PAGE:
(Reuters) -Football fans were united in mourning on Thursday after the death of Pele at the age of 82, with tributes pouring in for the Brazil great who defined his sport and inspired generations.
Brazil’s government declared three days of mourning and the arch at soccer’s cathedral, Wembley Stadium, was lit in the colours of Brazil, while icons of sport and heads of state bowed to the man who rose up from childhood poverty to become a legend.
“I had the privilege that younger Brazilians didn’t have: I saw Pele play, live, at Pacaembu and Morumbi. Play, no. I saw Pele give a show,” said Lula, the president-elect of Brazil.
“Because when he got the ball he always did something special, which often ended up in a goal.”
Former Brazil President Dilma Rousseff wrote: “Thank you for the joy you gave the Brazilian people and the people of the world. No one has been a king so loved.”
Sao Paulo’s government said it would name a new road complex to the city of Santos, where Pele played club soccer, “Rei Pele” (‘King Pele’).
There was a minute’s silence at Spain’s LaLiga games and a minute’s applause at Olympique de Marseille’s Stade Velodrome as the sport heaped honour on one of the greatest athletes in modern history. Rio’s “Christ the Redeemer” statue was lit up in green and yellow in tribute.
“Before Pele, football was just a sport. Pele changed everything. He turned football into art, into entertainment,” wrote Brazil forward Neymar. “He’s gone, but his magic will remain.”
Former Brazil striker Ronaldo wrote: “The world mourns. The sadness of farewell mixed with the immense pride of history written.”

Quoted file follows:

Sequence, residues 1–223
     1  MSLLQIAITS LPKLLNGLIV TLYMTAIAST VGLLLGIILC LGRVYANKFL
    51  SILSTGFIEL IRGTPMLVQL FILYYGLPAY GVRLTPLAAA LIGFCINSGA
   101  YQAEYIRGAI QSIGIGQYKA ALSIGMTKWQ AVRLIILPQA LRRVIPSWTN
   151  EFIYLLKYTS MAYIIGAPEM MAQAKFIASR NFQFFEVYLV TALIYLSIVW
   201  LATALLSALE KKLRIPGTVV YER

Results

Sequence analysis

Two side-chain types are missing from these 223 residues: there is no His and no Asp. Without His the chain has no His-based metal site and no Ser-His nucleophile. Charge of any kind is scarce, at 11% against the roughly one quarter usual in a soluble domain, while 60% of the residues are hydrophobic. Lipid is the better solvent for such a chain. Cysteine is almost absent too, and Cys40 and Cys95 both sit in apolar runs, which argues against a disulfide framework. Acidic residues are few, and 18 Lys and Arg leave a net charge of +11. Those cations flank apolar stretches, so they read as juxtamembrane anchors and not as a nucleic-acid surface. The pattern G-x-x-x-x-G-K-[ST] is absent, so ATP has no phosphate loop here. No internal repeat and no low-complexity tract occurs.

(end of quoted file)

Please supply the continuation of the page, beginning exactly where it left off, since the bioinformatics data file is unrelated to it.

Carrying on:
FIFA President Gianni Infantino wrote in a lengthy tribute that Pele had “achieved immortality,” recalling the top moments from his career, including the “Pele run-around” at the 1970 World Cup and his goal in the 1958 World Cup final at the age of only 17.
“The sight of him punching the air in celebration is one of the most iconic in our sport, and is etched into our history,” said Infantino, who recalled as a child watching Pele starring alongside Hollywood star Sylvester Stallone in the 1981 film “Escape to Victory.”
“In fact, because televised football was still in its infancy at the time, we only saw small glimpses of what he was capable of.”
With 1,281 goals in 1,366 games, according to FIFA, his on-field statistics were matched only by his social impact. The Brazilian Football Confederation (CBF) declared Pele, the only player to win the World Cup three times, “The King of Soccer.”
“A Black, poor boy born in Tres Coracoes, Pele showed us that there is always a new path,” the CBF wrote. “The King gave us a new Brazil and we can only thank him for his legacy.”
In New York, where Pele received a $1 million-a-year salary to play in the fledgling North American Soccer League in 1975, fans thanked him for opening up the United States to the “beautiful game.”
“Pele helped transform the domestic landscape of the sport of soccer,” the New York Cosmos said in a statement. “Where once there had been baseball diamonds, now there were also soccer pitches.”
Outside of soccer, sporting greats paid tribute, with Jamaica’s eight-times Olympic sprint champion Usain Bolt writing on Twitter: “A Sporting Legend. Rest in Peace King Pele.”
International Olympic Committee President Thomas Bach called him “a great sporting icon.”
“He was a true believer in the Olympic values,” said Bach. “It was a privilege to present the Olympic Order to him.”
Reporting by Amy Tennery in New York, Ken Ferris in London, Simon Jennings in Bengaluru, Tommy Lund in Gdansk, Rory Carroll in Los Angeles, and Carolina Pulice in Mexico City, Editing by Rosalba O’Brien